When I was in college, I did take a sideways direction as I realized I was not talented enough to be a professional musician but had the brains to manage bands. I took a course given in NYC about it, and there was so much information it blew my mind. The presenter (I apologize this was 87 I do not remember his name) had some interesting advice, sometimes it was contradictory. 

In the section about working with a band and the band needing to ‘self-fund themselves’ he told the story about one band that took one of the members grandmother’s fudge recipes and started selling it to fund the band. The idea was to give the band enough time to practice full time do chase their dreams. The band did not make it but ended up opening a fudge store as a full-time gig (I had to chase that down later.) Thank God I did not quit my day job…. Well, like George. 

In recent days conversations with my daughters touched on do they have a backup plan if they do not get into Med or PA school. In this case I was the pragmatic father and wanting to make sure they had a plan b. This also could be related to my up brining where my parents wanted to make sure I had a stable job etc. I could chase dreams, but my mom always said have a plan b, c, d….  

Reading what I had written previously, I noticed I wrote about Failing at something you don’t like as a reason to chase your dreams. In a research project the notion of having a fallback plan has some drawbacks. So, the downsides? 

  • Not going ‘All In’ on your dream reduces the effort you can put in 
  • Wasting resources on backup plan that could be used on your primary plan 
  • Apparently just thinking about a backup plan reduces your chance for success 
  • Falling into your backup plan due to the sunk cost fallacy 

Now the studies talk about how people just think about goals, or in some cases have small ‘monetary’ incentives. Looking back at my desire to be in the music business, I did focus a lot on a Plan B (like my mom told me.) Would I have made it with Plan A? I really do not know, but my focus on Plan B took me far. 

Now back to what I told my kids. The first make your mistakes in your 20s (well now) It is much easier to find an alternate path if you make the mistake now. Trust that you have the resources (parents/friends) to help you out, and your own abilities to find your Plan B. So, you will not hit FIRE at 40, finding happiness and your place in this world may be more important than retiring early.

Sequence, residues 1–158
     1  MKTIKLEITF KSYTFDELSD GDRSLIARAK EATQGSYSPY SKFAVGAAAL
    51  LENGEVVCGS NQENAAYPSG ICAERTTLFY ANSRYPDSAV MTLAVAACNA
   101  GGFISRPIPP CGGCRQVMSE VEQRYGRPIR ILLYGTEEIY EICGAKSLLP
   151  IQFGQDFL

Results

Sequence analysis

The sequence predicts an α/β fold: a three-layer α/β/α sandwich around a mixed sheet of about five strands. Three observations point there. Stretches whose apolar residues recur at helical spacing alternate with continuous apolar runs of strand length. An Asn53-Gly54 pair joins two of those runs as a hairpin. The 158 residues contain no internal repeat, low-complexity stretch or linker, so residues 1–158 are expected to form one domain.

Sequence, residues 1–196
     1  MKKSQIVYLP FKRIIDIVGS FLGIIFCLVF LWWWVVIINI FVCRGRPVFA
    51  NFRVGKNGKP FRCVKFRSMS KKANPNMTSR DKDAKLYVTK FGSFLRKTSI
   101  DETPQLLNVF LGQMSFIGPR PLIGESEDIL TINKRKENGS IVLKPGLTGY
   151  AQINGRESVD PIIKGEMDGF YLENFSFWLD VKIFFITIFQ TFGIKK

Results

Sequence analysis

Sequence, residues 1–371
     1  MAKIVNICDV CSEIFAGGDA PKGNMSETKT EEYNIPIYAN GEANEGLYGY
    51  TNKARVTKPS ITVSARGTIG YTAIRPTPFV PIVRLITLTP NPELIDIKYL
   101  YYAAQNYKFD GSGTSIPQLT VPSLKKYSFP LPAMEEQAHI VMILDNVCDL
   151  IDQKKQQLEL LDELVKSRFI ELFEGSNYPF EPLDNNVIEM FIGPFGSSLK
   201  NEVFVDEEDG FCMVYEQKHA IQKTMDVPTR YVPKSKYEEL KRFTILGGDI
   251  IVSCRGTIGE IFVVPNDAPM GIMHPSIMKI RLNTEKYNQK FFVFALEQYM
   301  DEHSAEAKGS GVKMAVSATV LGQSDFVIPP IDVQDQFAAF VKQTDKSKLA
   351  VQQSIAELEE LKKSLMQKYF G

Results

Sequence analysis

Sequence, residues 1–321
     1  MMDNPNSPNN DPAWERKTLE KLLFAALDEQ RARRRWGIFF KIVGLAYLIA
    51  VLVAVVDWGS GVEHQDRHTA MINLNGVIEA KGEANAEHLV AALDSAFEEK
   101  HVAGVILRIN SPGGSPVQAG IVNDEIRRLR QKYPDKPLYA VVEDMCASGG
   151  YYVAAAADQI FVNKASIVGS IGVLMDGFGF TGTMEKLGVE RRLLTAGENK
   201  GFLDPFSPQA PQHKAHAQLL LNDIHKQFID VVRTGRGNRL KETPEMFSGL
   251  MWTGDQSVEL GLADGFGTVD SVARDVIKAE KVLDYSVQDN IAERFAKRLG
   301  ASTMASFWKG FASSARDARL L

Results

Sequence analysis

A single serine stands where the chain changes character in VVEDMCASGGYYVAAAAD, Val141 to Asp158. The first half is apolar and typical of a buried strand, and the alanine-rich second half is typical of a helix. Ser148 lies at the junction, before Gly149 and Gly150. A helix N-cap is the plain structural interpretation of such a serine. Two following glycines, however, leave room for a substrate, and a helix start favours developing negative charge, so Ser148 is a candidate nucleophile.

And now to think about how to do this at work. Many times, I have been asked if there is a Plan B, and now my response should be if we focus on it, it may turn into Plan A. 

This opinion is mine, and mine only, my current or former employers have nothing to do with it. I do not write for any financial gain, I do not take advertising and any product company listed was not done for payment. But if you do like what I write you can donate to the charity I support (with my wife who passed away in 2017) Morgan Stanley’s Children’s Hospital or donate to your favorite charity. I pay to host my site out of my own pocket, my intention is to keep it free. I do read all feedback, I mostly wont post any of them

This Blog is a labor of love, and was originally going to be a book.  With the advent of being able to publish yourself on the web I chose this path.  I will write many of these and not worry too much about grammar or spelling (I will try to come back later and fix it) but focus on content.  I apologize in advance for my ADD as often topics may flip.  I hope one day to turn this into a book and or a podcast, but for now it will remain a blog.